A 350 km historic route running east to west through Switzerland from Konstanz on the German border to Geneva.

The Route: A 350 km historic route, “end-to-end” (east-west) through Switzerland from Konstanz on the German border to Geneva. There is also a branch starting in Rorschach and leading via St. Gallen to join the main route in Einsiedeln. Follows the general direction taken by pilgrims to Santiago in previous centuries although alternatives paths are used in places where the original route has now become a modern road. In many sections there are also two options, to the north or south of the several lakes the route passes. One goes via the Brunnig pass (1002 m), Interlaken and Thun, the other via Lucerne and Bern, joining up again near Fribourg to continue to Lausanne and then to Geneva and the French border, from where energetic pilgrims can continue on a waymarked route to Le Puy-en-Velay.

Waymarking: Well waymarked throughout, either with the white signposts of the Schwabenweg or the brown markers of the Swiss long-distance footpaths network. Note, however, that these never indicate the distance but only the time needed to walk from one place to the next.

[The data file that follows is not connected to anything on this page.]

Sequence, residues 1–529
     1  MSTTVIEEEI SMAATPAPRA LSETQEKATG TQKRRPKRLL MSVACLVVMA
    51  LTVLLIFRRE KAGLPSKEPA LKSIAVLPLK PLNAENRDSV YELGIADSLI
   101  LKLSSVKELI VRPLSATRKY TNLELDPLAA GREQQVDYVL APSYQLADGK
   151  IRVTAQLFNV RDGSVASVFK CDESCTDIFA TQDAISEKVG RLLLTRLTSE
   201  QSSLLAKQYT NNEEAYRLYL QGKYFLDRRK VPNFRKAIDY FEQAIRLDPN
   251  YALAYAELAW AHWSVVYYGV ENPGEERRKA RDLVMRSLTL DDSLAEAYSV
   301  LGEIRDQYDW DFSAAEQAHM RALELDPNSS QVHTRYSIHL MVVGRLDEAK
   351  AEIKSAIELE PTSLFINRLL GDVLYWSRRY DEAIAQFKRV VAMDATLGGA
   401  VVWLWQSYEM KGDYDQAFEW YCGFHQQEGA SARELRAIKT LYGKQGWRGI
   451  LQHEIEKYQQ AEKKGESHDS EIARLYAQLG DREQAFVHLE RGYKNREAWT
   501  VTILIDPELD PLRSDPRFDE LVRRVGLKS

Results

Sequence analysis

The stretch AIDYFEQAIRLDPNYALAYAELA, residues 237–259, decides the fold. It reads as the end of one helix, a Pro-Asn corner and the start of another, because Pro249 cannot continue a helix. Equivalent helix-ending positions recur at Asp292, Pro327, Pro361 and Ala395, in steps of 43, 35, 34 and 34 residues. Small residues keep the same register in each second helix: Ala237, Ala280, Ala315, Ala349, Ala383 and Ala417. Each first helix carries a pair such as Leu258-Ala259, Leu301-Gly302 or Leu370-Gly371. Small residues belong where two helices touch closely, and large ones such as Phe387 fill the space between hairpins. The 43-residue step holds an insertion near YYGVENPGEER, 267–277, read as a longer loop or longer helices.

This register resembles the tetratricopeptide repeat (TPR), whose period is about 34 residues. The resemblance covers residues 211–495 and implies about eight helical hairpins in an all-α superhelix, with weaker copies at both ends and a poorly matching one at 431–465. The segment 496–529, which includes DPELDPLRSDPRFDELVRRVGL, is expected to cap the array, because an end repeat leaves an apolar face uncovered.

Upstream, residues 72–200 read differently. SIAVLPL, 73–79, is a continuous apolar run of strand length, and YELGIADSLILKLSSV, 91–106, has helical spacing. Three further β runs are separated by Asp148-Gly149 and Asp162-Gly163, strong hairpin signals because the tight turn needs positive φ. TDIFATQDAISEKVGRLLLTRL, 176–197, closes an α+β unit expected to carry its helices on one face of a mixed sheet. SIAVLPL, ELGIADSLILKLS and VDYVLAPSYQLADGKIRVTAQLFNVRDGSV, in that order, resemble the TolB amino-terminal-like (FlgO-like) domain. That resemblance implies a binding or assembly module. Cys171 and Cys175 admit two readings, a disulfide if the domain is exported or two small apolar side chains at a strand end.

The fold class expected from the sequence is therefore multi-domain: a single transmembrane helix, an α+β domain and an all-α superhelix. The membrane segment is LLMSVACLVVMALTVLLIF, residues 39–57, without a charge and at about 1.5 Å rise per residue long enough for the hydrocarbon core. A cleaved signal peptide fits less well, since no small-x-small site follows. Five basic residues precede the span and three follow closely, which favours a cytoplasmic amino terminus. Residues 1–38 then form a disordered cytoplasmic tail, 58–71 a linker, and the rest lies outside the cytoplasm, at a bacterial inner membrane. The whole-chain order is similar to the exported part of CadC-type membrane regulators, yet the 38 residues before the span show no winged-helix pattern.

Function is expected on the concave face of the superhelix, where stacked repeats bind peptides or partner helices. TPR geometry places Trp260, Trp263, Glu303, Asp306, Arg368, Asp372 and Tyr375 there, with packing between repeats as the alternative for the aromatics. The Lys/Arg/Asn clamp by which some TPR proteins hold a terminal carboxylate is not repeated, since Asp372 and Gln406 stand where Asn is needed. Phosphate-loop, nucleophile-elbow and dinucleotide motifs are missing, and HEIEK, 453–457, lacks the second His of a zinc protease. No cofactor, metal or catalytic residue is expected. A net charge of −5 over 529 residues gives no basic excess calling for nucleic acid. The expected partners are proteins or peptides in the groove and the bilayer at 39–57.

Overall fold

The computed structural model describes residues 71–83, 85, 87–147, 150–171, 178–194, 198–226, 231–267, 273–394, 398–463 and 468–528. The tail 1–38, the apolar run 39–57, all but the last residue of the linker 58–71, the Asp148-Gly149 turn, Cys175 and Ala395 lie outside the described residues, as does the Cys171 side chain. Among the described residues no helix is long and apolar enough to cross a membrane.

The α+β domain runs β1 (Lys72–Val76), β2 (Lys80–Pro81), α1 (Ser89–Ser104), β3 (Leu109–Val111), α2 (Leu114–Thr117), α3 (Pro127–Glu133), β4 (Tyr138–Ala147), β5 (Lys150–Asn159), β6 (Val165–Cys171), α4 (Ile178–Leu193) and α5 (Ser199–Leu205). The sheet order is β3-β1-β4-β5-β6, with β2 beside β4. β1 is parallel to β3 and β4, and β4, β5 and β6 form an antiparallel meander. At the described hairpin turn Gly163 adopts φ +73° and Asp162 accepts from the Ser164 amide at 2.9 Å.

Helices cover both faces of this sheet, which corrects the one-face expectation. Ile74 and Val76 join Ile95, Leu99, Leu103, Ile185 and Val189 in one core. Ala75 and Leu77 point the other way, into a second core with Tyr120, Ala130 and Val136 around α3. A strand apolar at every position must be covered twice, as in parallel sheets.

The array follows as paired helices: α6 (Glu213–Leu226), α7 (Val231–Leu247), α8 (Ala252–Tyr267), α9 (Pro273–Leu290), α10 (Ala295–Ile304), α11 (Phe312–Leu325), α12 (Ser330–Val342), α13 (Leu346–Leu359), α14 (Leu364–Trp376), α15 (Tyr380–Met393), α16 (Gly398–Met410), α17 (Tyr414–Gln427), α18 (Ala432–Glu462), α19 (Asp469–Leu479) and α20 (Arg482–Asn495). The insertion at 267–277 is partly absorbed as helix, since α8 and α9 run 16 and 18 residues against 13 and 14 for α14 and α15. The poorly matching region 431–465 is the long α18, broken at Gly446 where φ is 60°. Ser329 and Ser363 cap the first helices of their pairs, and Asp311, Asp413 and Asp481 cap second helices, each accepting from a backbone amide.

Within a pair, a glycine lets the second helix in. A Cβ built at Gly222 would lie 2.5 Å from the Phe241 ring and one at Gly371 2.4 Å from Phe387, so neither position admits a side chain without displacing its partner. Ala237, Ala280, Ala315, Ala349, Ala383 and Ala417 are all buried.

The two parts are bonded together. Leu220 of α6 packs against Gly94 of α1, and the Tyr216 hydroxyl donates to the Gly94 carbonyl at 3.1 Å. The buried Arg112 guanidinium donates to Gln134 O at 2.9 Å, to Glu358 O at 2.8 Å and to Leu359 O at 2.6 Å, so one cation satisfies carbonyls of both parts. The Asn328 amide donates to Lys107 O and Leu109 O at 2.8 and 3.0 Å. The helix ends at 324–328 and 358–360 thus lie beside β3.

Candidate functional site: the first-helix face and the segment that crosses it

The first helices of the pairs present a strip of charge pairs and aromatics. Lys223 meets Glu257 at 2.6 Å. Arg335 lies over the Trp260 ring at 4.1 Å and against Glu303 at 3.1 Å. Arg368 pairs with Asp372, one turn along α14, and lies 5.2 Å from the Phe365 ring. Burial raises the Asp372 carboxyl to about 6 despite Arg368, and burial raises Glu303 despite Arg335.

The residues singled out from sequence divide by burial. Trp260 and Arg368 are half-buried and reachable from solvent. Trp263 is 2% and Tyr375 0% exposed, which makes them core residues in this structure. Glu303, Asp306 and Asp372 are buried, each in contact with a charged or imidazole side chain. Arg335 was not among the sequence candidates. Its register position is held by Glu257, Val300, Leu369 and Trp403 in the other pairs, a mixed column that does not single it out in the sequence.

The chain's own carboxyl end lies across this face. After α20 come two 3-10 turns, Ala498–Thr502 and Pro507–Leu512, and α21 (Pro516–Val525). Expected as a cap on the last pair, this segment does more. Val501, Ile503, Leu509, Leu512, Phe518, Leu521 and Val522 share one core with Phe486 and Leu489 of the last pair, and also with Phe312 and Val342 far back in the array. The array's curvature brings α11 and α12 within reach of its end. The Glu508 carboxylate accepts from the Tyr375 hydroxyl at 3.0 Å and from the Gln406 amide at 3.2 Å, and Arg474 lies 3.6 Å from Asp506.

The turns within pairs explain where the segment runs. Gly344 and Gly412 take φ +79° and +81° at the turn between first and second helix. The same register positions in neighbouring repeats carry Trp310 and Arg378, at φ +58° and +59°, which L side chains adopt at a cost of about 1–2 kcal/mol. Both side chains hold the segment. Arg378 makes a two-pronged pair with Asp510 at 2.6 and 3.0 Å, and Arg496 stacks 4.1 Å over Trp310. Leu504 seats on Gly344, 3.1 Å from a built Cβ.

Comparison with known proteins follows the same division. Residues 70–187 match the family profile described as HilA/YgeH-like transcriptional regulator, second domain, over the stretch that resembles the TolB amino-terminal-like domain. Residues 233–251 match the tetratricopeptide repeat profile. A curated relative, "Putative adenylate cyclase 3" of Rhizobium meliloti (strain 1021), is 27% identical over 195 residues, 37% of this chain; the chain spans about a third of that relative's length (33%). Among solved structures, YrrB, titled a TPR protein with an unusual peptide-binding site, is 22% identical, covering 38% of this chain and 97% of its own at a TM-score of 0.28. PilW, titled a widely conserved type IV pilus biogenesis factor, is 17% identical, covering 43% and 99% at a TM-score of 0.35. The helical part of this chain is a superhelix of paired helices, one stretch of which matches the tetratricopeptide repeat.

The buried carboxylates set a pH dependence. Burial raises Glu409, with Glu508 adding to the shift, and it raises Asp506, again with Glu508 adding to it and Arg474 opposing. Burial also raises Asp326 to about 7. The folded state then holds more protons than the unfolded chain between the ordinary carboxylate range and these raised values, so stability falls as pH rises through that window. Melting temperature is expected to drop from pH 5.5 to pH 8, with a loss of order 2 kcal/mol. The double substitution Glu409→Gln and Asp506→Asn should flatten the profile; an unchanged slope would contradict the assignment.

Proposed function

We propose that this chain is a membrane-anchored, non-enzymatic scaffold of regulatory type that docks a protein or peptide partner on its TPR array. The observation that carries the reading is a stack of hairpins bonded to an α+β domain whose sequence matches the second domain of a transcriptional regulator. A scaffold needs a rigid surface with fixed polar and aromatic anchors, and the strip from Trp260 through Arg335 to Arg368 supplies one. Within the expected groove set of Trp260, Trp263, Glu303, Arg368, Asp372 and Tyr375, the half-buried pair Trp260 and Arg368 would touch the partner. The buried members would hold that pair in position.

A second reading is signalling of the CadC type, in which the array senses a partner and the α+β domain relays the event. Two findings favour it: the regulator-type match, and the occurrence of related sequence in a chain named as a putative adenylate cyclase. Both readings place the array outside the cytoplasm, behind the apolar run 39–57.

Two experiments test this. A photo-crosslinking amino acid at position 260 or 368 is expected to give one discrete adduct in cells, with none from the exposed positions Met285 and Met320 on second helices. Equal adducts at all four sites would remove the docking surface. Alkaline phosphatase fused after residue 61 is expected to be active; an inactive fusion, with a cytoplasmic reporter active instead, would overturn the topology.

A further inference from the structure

Terrain: Strenuous! The surfaces are normally easy to walk on (a number of  farm tracks are in fact tarmac now) but apart from sections alongside lakes the route is full of ups and downs, often several times a day. The highest point of the route is the pass over the Haggenegg, at 1414 m. Cyclists will need to take minor roads or dedicated cycle tracks for much of the route.

Weather/When to go: Allow about three weeks to walk the entire route. Early May to late September. Wide ranges of temperature according to height and season.

Accommodation:  Plenty, but none of it very cheap. Some youth hostels, very few campsites, but in the German-speaking areas in particular there is a network of simple accommodation known as Schlafen im Stroh/Aventure à la Paille. Farms belonging to the scheme provide a barn where you can sleep in the hay (with your sleeping bag), washing facilities and a good breakfast the following morning. Details are given in the accommodation lists provided by the Swiss pilgrim associations (websites below)

Guide books: See the CSJ shop for recently published and comprehensive guide booksto the route from Konstanz and Rorschach to the French border, split into three by Hans Beumer.

Mapping: Detailed online mapping of the Swiss route(s) is available on the IVS’ excellent GIS site